Is it really true? A foreign government official may be prosecuted in the United States for the violation of a non-U.S. law – Yes/No – not exactly.
A Korean working for a Korean government research center was, recently, found guilt of U.S. federal money laundering in a U.S. Federal Court. The individual was convicted of utilizing the banking system of the United States to store and transfer illegal obtained funds. The funds were deemed illegally obtained under Korean Law. So yes, the interpretation of Korean Law was necessary.
According to a Press Release by the Central District of California’s U.S. Attorney’s Office:
“A former director of South Korea’s Earthquake Research Center at the Korea Institute of Geoscience and Mineral Resources (KIGAM) has been found guilty of using a Southern California bank account to launder bribes he received from two seismological companies, including one based in Pasadena.
Heon-Cheol Chi, 59, of South Korea, was convicted late yesterday of one count of transacting in criminally derived property, an offense that carries a statutory maximum sentence of 10 years in federal prison.
Chi was convicted of the money laundering charge following a four-day jury trial in United States District Court. The jury that issued the guilty verdict was unable to reach a unanimous decision on five other money laundering charges. According to the evidence presented at trial, Chi laundered funds that were the proceeds of bribes he accepted in violation of South Korea law.”
The Korean national was prosecuted for violation of a federal money laundering law – not Korean Law. The District Court first, however, determined if the funds were obtained via “specified unlawful activities” as defined by the U.S. Money Laundering Control Act. The Court ruled, of course, in the affirmative. Foreign bribery and extortion laws are, generally, deemed to be “specified unlawful activities” under the the Money Laundering Control Act. The forwarding of funds via the “specified unlawful activities” to a U.S. bank is a money laundering under the Act. The jury found the defendant guilty on only one of the six counts.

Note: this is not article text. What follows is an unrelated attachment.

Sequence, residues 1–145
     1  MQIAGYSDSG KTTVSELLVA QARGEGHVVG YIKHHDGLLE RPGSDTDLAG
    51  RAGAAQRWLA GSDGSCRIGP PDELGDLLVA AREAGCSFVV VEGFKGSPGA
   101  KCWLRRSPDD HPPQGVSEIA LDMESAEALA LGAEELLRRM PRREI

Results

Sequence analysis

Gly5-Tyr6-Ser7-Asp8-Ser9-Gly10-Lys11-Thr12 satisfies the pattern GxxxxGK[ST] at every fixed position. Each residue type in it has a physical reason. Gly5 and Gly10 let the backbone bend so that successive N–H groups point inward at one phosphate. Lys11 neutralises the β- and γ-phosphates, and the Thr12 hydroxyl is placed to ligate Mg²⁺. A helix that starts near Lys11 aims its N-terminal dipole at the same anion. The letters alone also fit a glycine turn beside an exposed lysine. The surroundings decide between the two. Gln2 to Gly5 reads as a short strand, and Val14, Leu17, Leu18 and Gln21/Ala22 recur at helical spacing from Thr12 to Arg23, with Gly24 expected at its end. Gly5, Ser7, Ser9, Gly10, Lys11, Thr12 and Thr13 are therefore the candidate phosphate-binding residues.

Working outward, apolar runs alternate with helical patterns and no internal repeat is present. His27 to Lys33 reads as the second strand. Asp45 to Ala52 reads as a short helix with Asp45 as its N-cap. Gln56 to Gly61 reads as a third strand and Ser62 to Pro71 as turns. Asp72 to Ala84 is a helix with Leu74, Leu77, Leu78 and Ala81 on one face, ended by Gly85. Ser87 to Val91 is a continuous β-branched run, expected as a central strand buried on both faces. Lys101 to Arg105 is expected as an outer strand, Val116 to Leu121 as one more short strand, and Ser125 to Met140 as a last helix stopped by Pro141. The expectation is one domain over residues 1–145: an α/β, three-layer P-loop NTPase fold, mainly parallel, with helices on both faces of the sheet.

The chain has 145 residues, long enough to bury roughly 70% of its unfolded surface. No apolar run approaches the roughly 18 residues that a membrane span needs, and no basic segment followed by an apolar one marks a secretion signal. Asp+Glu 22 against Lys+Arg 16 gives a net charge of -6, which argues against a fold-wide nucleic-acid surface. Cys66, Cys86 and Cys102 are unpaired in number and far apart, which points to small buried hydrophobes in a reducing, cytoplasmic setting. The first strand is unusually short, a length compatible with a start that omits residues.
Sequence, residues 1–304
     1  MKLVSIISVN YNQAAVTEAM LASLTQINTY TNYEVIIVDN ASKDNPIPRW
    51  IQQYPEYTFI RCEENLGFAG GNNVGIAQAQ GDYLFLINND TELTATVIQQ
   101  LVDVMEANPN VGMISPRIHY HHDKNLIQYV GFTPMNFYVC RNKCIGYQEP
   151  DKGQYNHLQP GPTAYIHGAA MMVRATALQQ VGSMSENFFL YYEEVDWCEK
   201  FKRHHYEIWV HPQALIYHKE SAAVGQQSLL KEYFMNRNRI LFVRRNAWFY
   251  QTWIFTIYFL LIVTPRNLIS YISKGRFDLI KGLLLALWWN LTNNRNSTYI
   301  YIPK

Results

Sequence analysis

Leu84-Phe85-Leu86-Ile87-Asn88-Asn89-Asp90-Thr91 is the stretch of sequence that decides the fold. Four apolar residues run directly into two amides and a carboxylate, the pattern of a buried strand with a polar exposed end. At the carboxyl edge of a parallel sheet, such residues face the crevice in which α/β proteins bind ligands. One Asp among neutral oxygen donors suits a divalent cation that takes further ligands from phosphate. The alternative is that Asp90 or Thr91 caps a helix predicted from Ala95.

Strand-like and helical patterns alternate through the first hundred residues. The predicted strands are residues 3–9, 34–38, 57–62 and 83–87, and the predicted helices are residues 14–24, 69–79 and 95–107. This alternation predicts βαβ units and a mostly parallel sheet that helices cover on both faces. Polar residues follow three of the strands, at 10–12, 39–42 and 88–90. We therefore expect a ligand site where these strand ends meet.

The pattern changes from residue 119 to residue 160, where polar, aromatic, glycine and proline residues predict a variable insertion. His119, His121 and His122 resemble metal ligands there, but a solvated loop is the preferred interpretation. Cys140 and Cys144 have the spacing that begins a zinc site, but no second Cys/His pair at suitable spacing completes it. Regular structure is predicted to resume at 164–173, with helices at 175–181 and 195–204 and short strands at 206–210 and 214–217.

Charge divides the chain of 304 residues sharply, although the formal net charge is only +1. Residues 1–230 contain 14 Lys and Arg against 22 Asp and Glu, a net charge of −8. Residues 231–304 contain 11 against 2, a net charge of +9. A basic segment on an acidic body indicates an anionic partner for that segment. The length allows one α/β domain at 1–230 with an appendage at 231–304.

I will update the reader when I read the case. Interesting case. I always enjoy reading cases where foreign courts interpret Korean Law. It is always interesting when my firm is retained to write Legal Opinions for foreign courts.
The link to Press Release for the U.S. Attorney’s Office for the Central District of California related to this matter may be found at: Central District of California – U.S. Attorney: Director of South Korea’s Earthquake Research Center Convicted in L.A. of Money Laundering Stemming from Million Dollar Bribe Scheme.
Sean Hayes may be contacted at: SeanHayes@ipglegal.com.
Sean is co-chair of the Korea Practice Team at IPG Legal. He is the first non-Korean attorney to have worked for the Korean court system (Constitutional Court of Korea) and one of the first non-Koreans to be a regular member of a Korean law faculty. Sean is ranked, for Korea, as one of only two non-Korean lawyers as a Top Attorney by AsiaLaw. Sean is known for his proactive New York-style street-smart advice and his aggressive and non-conflicted advocacy. Sean works with some of the leading retired judges, prosecutors and former government officials working in Korea.
Sean’s profile may be found at: Sean C. Hayes
Known for his proactive street-smart advice & non-conflicted advocacy, NY Attorney Sean Hayes works with leading retired Korean judges, prosecutors and experienced Korean attorneys in leading contentious and transactional matters in Asia. First non-Korean lawyer employed by the Korean Court System. SeanHayes@ipglegal.com
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